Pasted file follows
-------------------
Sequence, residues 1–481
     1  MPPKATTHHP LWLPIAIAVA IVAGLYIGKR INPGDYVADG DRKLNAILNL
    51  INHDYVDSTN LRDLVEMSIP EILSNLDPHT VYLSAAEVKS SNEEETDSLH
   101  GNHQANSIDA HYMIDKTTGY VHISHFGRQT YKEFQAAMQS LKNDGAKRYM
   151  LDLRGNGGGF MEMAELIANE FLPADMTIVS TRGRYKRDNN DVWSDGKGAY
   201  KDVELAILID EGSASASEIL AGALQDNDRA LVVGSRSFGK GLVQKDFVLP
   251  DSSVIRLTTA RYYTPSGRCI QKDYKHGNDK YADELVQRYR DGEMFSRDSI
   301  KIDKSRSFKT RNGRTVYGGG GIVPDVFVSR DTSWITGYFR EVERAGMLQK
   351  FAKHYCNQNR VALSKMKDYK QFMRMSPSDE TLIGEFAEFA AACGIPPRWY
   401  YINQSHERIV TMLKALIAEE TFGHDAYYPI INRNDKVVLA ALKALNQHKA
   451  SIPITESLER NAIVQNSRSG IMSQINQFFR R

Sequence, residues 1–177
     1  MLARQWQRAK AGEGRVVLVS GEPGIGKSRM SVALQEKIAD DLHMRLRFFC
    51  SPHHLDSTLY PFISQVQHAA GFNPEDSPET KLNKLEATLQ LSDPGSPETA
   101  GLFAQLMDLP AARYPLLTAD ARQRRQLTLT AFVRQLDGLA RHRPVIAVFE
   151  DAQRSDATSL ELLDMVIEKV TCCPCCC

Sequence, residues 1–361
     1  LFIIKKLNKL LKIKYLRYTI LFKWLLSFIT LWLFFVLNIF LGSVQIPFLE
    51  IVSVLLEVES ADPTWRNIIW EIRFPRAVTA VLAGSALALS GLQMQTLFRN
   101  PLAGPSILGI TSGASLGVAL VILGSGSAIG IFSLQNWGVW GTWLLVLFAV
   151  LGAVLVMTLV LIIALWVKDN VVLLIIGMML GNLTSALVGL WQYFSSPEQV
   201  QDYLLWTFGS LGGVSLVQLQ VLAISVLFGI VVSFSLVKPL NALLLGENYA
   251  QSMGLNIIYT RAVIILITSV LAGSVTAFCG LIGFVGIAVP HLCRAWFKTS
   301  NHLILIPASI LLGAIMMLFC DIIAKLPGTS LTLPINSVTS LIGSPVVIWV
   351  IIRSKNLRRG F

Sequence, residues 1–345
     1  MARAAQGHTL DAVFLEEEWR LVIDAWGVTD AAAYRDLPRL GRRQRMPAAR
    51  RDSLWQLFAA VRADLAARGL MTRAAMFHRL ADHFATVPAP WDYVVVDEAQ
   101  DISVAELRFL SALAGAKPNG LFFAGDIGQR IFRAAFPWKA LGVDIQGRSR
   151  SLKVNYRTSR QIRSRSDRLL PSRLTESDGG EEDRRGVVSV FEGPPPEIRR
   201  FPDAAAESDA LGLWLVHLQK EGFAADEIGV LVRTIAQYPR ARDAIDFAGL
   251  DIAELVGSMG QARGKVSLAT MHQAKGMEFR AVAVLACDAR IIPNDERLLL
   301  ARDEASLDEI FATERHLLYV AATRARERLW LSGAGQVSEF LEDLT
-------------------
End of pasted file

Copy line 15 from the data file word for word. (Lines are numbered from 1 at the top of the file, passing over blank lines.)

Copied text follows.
   101  GLFAQLMDLP AARYPLLTAD ARQRRQLTLT AFVRQLDGLA RHRPVIAVFE